two female students working on their laptops together

On Saturday, April 2nd, Hun’s Computer Science club hosted a hackathon, or a codefest, for several neighboring schools as an opportunity to brush up on their skills and collaborate with other student programmers who share their passion for program design. 

Students from Lawrenceville, Rutgers Preparatory School, and Montgomery High School joined Hun students on campus for twenty-four-hours of programming and web design. While a handful of students participated in person, the entire hackathon was held virtually with over two hundred participants from around the world. 

Sunny Park ’22, who spearheaded the planning and execution of the hackathon, notes that the goal of the hackathon was to create an application, website, business plan, or software device that would solve a problem relating to education or homelessness. Students then presented their work to a panel of judges for a chance to win internship opportunities from a number of sponsors that Sunny secured. 

“I have done hackathons before and I remember having so much fun and not only learning so much but really enjoying the work I was doing,” she said. “I decided to plan and host Hun’s hackathon because I really just wanted my community to share that same experience.” 

During the hackathon, Sunny’s role was to be a mentor for all students participating. She spent the entirety of her time checking in on each group, working through ideas and business plans with them, and helping them with programming. When asked what she enjoyed most about the Hackathon, Sunny notes she loved seeing eager students ready and willing to stay up all night. 

“You have to be really passionate about something to want to stay up for twenty-four hours straight to work on it,” Sunny said. “It gave me so much happiness to see younger students at Hun so excited to stay up all night to code, when so many people were sleeping, they were still up working on their projects. It really reminded me of myself when I was a freshman.”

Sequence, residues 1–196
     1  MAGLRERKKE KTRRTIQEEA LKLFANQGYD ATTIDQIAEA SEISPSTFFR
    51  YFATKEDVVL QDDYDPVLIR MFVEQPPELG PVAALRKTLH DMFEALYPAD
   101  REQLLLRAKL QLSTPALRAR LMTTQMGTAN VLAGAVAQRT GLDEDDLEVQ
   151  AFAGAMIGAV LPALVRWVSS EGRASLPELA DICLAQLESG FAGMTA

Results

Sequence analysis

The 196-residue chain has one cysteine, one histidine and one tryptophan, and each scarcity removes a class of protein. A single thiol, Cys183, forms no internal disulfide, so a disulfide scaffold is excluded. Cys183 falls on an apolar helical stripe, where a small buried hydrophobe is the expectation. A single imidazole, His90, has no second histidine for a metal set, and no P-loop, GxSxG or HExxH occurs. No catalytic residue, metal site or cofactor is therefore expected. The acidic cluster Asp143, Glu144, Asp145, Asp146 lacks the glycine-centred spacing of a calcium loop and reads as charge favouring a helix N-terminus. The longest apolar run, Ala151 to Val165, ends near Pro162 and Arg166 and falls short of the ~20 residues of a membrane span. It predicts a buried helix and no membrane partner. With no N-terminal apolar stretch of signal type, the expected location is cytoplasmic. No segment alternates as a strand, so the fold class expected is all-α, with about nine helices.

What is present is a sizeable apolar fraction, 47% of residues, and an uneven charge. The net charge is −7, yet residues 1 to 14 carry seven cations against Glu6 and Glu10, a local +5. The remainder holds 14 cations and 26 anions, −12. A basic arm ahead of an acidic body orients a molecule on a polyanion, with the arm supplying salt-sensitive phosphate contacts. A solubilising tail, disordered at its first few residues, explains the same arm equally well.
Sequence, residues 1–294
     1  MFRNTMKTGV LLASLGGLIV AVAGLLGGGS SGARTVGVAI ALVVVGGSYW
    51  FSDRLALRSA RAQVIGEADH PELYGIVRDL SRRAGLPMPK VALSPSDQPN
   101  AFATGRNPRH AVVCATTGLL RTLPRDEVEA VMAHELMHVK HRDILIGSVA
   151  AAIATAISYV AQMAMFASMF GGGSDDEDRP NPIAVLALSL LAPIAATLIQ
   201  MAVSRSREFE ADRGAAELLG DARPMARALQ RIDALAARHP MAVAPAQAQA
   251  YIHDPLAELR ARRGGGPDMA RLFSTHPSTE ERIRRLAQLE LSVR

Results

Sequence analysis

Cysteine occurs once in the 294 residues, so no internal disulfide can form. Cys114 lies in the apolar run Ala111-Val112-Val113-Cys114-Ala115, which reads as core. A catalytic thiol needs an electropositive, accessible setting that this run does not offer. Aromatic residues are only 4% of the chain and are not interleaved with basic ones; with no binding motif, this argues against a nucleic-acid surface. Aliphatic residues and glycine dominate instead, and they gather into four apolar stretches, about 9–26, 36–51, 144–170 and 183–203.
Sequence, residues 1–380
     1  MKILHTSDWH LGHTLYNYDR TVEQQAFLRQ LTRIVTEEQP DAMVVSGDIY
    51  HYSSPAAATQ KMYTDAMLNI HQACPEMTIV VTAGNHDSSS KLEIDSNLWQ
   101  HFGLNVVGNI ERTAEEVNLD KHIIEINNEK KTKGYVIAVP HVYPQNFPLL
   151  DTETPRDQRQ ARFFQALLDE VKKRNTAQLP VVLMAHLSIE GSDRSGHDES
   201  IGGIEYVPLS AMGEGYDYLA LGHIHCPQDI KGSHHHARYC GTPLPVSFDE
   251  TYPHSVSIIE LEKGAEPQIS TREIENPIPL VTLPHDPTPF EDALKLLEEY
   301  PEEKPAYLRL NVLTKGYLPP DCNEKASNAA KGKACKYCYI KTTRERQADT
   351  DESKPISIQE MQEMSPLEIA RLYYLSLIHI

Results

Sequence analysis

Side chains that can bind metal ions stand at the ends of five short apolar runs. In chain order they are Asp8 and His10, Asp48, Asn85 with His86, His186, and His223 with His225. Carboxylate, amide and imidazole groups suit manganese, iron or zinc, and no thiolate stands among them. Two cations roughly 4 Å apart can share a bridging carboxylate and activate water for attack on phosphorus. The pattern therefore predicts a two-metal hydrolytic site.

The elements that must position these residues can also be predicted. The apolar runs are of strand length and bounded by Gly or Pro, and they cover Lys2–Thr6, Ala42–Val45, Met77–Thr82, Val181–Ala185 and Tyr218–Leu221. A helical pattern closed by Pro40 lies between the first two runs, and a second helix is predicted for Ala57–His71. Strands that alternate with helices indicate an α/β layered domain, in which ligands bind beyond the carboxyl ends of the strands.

Congratulations to the students who took first place for their app called “The Rescued”, which tracks food availability at several grocery stores in the area as a way of keeping users up to date on fresh foods at their local grocery stores. A group of Hun and Montgomery High School students took second place in the hackathon for their project titled “Visionary” – a mobile app that assists the visually impaired through machine learning; the app allows the user to take a picture and the app will tell the user what it is they have taken a picture of.

Rest assured future and current Hun hackers, next fall Ms. Wright, Computer Science and Engineering department chair will be teaching a first-of-its-kind cybersecurity course as an elective for students. After being nominated by the National Cybersecurity Teaching Academy to take an eight week intensive course at DePaul University,  Ms. Wright will offer a course titled “Advanced Topics in CS: Cybersecurity”. 

“Cybersecurity is a computer science topic that doesn’t require any prior knowledge of programming,” Ms. Wright said. “It is becoming increasingly more popular in the career field since basically every business needs a cyber security expert to keep the company safe. Offering this course will allow us to better expose our students and they will be much more prepared for their future endeavors.”

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